1.160  Appeal Rights

Although the Internal Revenue Service had previously provided for administrative review of Offers in Compromise by the Appeals Division there was no specific statutory requirement for such review. RRA98 provided specific rights of independent review of Offers in Compromise by the Internal Revenue Service Office of Appeals.

1.170  Doubt as to Liability Offers

Another protection provided by RRA98 is with respect for Offers in Compromise based on doubt as to liability.  In the past the Internal Revenue Service has occasionally rejected offers with respect to doubt as to liability solely because it could not find its administrative file.  The Internal Revenue Service is now prohibited from taking such action.  The Internal Revenue Service has imposed additional duties upon taxpayers seeking compromise liabilities solely on the basis of doubt as to liability by requiring those taxpayers to submit financial statements The Internal Revenue Service is now specifically prohibited from requiring financial statements when offers are submitted based solely on doubt as to liability.

1.180  Computation of Offer Amount

The IRS uses three different methods for determining the adequacy of an offer depending on the period of time the taxpayer proposes for payment of the offer amount.  The methods are:

  1. Cash (paid in 90 days or less), or
  2. Short-Term Deferred Payment (more than 90 days, up to 24 months), or
  3. Deferred Payment (offers with payment terms over the remaining statutory period for collecting the tax.).

NOTE: In all three cases, the IRS  will release any filed Notice of Federal Tax Lien once you have fully paid the offer amount and any interest that has accrued.

1.190  Cash Offer

You must pay cash offers within 90 days of acceptance. You should offer the realizable value of your assets (quick sale value) plus the total amount the IRS could collect over forty-eight months of payments represent value of income). When the ten-year statutory period for collection expires in less than forty-eight months, you must use the Deferred Payment Chart shown in the instructions to Form 656. The IRS will charge interest on the offer amount from the acceptance date until it receives full payment. The Internal Revenue Service’s method of determining the adequacy of an offer could be best expressed by:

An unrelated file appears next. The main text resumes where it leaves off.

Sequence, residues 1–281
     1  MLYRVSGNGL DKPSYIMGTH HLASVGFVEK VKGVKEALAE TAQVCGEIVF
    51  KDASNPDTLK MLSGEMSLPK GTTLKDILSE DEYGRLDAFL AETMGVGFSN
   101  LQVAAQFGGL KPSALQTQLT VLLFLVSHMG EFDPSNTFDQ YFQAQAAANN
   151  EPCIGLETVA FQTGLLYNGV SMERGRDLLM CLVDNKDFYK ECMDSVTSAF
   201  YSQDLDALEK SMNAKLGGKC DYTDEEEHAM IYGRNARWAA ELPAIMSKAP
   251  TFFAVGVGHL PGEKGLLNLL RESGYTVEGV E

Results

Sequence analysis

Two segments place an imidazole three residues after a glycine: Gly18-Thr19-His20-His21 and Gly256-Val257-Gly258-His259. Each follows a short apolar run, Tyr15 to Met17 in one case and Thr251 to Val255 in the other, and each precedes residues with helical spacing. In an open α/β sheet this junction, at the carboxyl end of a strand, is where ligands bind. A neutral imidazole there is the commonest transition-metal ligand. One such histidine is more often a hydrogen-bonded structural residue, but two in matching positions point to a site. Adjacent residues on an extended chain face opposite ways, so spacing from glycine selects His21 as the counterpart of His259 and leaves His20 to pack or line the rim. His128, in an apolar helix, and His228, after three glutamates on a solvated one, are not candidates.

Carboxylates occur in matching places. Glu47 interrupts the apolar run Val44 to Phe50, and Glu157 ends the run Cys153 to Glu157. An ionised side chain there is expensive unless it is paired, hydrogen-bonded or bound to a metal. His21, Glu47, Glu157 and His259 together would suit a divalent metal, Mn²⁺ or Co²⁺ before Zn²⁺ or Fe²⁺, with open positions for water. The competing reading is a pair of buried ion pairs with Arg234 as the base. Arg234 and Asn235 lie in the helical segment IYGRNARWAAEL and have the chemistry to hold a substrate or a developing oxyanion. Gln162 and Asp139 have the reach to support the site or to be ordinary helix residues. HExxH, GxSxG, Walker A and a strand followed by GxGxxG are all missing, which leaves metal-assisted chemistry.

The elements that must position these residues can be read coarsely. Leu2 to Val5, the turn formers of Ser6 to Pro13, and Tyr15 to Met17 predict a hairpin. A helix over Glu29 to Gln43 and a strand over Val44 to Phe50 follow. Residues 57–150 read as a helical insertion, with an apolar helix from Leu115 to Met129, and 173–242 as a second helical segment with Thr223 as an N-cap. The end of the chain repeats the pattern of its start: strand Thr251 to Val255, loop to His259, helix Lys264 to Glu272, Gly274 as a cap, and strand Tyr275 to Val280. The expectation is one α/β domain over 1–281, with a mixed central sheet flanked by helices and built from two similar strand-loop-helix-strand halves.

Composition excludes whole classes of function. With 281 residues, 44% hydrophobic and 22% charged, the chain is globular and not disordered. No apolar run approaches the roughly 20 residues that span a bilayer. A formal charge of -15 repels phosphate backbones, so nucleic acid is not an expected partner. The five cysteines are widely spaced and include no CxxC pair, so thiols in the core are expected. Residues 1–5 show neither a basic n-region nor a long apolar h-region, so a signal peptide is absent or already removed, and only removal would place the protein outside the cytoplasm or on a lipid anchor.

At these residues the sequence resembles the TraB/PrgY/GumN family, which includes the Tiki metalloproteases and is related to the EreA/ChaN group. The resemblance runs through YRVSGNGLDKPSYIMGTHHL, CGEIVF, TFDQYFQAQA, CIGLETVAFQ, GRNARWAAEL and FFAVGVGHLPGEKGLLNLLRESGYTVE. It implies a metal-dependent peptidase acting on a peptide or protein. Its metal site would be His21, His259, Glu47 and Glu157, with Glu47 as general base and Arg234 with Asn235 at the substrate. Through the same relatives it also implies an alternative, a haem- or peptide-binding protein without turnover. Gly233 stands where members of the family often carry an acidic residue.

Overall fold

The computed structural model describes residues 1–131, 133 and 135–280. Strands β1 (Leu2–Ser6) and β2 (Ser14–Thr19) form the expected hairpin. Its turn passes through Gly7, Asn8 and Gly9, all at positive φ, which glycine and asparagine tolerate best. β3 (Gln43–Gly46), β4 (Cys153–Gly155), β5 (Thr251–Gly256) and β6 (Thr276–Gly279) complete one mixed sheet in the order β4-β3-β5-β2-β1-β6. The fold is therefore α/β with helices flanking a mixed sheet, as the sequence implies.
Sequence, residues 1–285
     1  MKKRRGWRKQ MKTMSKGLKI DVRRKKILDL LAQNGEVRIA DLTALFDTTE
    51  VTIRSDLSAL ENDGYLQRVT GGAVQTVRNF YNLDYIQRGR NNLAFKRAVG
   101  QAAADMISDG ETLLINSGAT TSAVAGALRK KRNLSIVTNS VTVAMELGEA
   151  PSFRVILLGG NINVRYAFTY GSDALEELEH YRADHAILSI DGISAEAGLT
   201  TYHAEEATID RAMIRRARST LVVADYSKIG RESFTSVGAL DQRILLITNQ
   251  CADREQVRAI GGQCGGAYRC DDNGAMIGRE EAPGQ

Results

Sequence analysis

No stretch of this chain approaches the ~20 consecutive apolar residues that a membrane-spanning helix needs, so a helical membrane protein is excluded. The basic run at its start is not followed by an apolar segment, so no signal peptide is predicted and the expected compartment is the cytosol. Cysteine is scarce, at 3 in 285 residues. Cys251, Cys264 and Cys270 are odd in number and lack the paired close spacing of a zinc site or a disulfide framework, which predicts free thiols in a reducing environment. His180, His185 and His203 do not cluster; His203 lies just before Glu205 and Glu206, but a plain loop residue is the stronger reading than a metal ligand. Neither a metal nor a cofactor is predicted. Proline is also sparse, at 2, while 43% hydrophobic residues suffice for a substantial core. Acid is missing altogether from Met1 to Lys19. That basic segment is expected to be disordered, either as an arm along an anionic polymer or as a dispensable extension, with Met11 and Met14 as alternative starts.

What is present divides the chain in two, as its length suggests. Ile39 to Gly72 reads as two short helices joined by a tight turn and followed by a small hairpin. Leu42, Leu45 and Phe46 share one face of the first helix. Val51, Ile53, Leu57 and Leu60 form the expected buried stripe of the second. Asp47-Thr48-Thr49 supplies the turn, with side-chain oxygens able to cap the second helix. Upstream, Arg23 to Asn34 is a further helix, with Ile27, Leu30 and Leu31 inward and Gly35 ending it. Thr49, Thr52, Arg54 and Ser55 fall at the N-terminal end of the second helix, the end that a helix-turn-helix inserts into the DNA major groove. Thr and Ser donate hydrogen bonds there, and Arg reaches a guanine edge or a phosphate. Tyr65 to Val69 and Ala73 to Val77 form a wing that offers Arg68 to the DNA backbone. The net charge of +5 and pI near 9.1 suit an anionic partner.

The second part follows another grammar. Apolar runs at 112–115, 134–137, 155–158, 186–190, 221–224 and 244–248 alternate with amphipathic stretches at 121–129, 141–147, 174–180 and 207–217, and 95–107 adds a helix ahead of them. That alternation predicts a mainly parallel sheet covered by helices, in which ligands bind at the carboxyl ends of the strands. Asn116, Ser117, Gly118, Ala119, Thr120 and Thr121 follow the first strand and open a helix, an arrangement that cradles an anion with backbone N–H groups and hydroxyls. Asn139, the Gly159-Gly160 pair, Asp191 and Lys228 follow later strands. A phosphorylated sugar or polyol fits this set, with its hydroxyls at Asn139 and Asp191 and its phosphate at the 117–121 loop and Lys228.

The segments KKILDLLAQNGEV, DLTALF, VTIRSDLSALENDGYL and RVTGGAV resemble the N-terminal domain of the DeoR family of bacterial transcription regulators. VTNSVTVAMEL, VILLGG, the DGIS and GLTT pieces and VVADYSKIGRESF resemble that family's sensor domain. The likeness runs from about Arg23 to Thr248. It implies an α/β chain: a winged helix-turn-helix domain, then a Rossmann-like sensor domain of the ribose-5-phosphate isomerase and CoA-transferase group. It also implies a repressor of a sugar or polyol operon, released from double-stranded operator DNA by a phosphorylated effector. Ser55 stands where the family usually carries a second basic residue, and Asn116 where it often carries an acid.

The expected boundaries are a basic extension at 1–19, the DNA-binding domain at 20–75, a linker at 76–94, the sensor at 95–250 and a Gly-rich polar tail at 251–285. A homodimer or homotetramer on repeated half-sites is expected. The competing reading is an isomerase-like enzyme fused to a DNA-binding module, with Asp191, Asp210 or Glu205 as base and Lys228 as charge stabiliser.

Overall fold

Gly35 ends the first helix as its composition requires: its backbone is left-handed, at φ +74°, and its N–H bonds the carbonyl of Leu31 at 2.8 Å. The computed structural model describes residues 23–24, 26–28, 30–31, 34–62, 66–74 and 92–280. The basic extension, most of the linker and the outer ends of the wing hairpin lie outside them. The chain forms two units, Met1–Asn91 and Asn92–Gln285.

Quick Sale Value Plus Present Value of Income Equals Offer In Compromise             (QSV + PVI = OIC)

In applying this formula, the IRS determines the Quick Sale Value of all of the client’s assets and then adds the amount of the present value of the taxpayer’s ability to pay. It aggregates the two numbers to arrive at an Offer in Compromise amount. The following paragraphs will discuss the Internal Revenue Service’s methodology for determining quick sale value and the present value of income.

1.200  Short-Term Deferred Payment Offer

This payment option requires you to pay the offer within two years of acceptance. The offer must include the realizable value of your assets in addition to the total amount the IRS could secure over sixty months (or the remainder of the ten-year statutory period for collection, whichever is less) through monthly payments.  The IRS may file a Notice of Federal Tax Lien on tax liabilities compromised under short-term payment offers.

1.210  Deferred Payment Offers

This payment option requires you to pay the offer amount within the remaining statutory period for collecting the tax. The offer must include the realizable value of your assets plus the amount the IRS could collect through monthly payments during the remaining life of the collection statute. The deferred payment option itself has three payment options:

Option One is:  Full payment of the realizable value of your assets within 90 days from the date the IRS accepts your offer and Your future income in monthly payments during the remaining life of the collection statute;